Sugar, Sugar

In recent years, sugar has been a huge point of controversy. I have to admit that I’ve fallen victim to simply absorbing the information in bits and pieces, which has left me with a less than comprehensive understanding of the topic. So I’m setting out to educate myself. The subject seems a bit too broad for just one blog post, so I plan to cover it again, but for starters, there are three main questions I’d like to address:

1. Are there good and bad sugars? If so, what are they and where are they found?
2. How much sugar is within a healthy range in a person’s diet?
3. What are some hidden sources of sugar we consume on a daily basis?

The good, the bad and sweets for the sweet

Just an initial Google search landed me on a plethora of information about “good” and “bad” sugars. The overwhelming consensus states that sugars in their most natural state can be classified as “good.” Most of the articles make an effort to point out that the reason for this categorization comes from the additional nutritional benefits of the foods containing natural sugar. For instance, apples feature a decent amount of sugar, but it comes bundled with fiber, Vitamin C and antioxidants (including one called quercetin which boosts workouts by making oxygen more available to the lungs!). Also, the fiber slows the release of glucose to the bloodstream, allowing the body more time to process it.

Bad sugars are refined, processed, man-injected. It is made up of one molecule of glucose and one molecule of fructose. This makes the liver work harder to break it all down (since it is responsible for processing glucose). Even worse is when it comes in liquid form. Too much glucose hits the organ all at once, causing a good portion of it to be converted to fat. I’m fairly certain this is what happens when you drink alcohol (s0 sad!)

To summarize, good sugars are fine in moderation and can be found in foods like fruits, vegetables, agave nectar and honey. 

Bad sugars are added in by man and are found in foods such as candy, fruit juice concentrate and soda.

How much is enough? 

This one is easy to answer. The American Heart Association recommends no more than six teaspoons a day for women and nine for men. Overdoing it on sugar has been linked to health issues such as obesity, liver complications and metabolic diseases.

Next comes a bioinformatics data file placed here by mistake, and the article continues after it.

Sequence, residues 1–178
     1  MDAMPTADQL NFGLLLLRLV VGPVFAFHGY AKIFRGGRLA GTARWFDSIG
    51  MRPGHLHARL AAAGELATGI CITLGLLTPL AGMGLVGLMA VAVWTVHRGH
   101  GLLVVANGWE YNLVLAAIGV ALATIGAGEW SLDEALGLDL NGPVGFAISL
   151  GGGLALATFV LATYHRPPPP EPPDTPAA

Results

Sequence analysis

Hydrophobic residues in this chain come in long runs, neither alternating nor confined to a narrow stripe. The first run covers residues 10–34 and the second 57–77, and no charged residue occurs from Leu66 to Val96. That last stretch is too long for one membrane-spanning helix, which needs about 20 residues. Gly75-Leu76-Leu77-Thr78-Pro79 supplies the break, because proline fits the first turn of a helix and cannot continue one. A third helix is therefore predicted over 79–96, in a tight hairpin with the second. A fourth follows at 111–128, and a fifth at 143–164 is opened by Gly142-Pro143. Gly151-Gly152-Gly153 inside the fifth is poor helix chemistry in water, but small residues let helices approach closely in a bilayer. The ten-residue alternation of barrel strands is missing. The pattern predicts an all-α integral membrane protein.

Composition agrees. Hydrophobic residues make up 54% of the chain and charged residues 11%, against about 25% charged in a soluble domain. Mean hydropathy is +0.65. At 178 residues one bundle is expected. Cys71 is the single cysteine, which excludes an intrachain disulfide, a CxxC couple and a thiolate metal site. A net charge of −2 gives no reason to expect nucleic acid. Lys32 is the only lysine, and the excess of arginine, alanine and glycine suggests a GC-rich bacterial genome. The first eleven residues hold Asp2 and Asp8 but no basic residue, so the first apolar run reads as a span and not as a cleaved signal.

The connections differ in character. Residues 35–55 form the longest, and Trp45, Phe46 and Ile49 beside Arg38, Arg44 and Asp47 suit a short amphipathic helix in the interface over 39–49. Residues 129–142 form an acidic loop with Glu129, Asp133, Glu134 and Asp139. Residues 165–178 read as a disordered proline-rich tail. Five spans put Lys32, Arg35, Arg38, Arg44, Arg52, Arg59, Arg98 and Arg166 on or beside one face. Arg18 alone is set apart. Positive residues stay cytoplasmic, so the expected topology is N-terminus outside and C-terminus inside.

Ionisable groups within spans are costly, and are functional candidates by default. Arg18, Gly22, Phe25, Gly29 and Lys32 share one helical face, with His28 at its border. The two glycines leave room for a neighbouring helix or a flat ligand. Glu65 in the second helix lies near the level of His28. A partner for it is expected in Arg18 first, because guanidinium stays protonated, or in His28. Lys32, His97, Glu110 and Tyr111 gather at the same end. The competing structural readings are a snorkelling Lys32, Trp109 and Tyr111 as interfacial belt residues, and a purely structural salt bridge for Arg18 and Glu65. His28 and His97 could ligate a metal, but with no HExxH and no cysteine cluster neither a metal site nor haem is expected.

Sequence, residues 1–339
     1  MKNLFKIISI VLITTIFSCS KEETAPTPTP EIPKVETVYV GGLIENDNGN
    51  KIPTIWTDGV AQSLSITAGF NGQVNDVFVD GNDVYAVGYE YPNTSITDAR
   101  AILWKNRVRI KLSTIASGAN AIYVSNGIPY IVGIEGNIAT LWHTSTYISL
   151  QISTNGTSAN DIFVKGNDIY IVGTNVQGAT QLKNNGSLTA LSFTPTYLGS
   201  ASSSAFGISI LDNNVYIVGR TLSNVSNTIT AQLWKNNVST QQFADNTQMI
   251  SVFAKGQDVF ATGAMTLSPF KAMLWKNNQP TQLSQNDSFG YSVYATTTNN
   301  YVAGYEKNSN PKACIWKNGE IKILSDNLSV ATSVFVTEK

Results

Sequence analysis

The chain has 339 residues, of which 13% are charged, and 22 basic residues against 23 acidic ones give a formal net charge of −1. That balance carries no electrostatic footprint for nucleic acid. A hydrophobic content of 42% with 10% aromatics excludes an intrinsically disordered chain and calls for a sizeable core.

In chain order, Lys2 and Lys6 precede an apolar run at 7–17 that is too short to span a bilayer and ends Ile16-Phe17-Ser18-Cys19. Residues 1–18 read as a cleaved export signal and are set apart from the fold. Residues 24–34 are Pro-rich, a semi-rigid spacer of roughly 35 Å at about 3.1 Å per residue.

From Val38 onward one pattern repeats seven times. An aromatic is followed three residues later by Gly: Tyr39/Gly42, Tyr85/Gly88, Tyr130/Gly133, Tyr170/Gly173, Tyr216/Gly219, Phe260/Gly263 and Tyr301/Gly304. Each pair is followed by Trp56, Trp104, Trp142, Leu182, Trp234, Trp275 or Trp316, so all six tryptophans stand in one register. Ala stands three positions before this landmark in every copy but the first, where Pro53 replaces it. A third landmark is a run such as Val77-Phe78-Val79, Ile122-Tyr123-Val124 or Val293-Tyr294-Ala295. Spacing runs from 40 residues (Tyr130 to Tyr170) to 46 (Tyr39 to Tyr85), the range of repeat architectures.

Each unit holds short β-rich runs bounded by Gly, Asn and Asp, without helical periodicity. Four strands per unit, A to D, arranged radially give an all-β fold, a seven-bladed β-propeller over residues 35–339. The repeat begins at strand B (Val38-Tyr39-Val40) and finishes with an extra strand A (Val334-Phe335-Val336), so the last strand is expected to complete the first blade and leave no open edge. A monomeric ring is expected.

Controversy about sugar “addiction” remains unresolved, but we do know that this substance affects the same parts of your brain chemicals as some drugs – dopamine and serotonin. People have reported symptoms of withdrawal after making a sugar cutback – anxiety, headaches, jitters. Even if it’s not a “habit,” higher levels of sugar and glucose in your blood can lead to a “high,” which inevitably leads to the crashing “low” which leaves you super hungry.

Where is it hiding?!

Throughout my research, I found a few foods that I was surprised to learn had sugar in them. These are the top three:

1. Yogurt – the good news is, however, that even though there is added sugar in yogurt, generally the protein (in Greek yogurt), calcium and probiotics make this a good food. You just have to read the labels to find out how much sugar has been added and limit!

2. Bread – I just don’t think of grains as having sugar, but they do! White bread is the worst in this category – the fiber-filled grain and bran are removed in processing, meaning that the starchy, sugary part is absorbed most quickly, causing a sugar high as referenced above. Whole grain bread has native nutrients that are far better for you, including iron, calcium, potassium, copper, etc.

3. Ketchup! One of my favorite condiments, this sugary side can have as many as six grams of added sugar in an ounce. (In case you were wondering, four grams of sugar = one teaspoon). Use in moderation, I guess.

I try to avoid most processed foods, because it’s easier than figuring out what’s in them and worrying about how it will affect my health, but this research helped me get a better grasp on kinds of sugar and foods that contain it. It’s still not a good idea to down a bushel of fruit or a bottle of honey in one day, because though these are “good” sugars, too much of anything is not a good idea!

What’s your favorite source of sugar? 

Articles used for reference from:
SHAPE Magazine
Huffington Post

3 thoughts on “Sugar, Sugar

  1. Hey, Molly, I find this an interesting post and topic. Sugar in all its forms is incredibly controversial. Sally Fallon/the Weston A. Price Foundation has some pretty powerful opinions/information on sugar and sugar sources.
    My favorite sugars are the naturally occurring ones in fruits and vegetables, raw honey, real maple syrup and rapadura/mascobado/piloncillo (depending what I buy these are different names for it). But my kombucha brew much prefers pure cane sugar any day.
    So yeah. sugar.

  2. I’m glad you appreciate it! It’s one of those topics where I feel like because I have a general awareness of the space, details didn’t seem as important, but once I delved into the research, I learned that I have so much left to learn! I have yet to try kombucha, but I’ll put it on my list!

  3. Pingback: My Top 5 Food Powerhouses | Wine and Workouts

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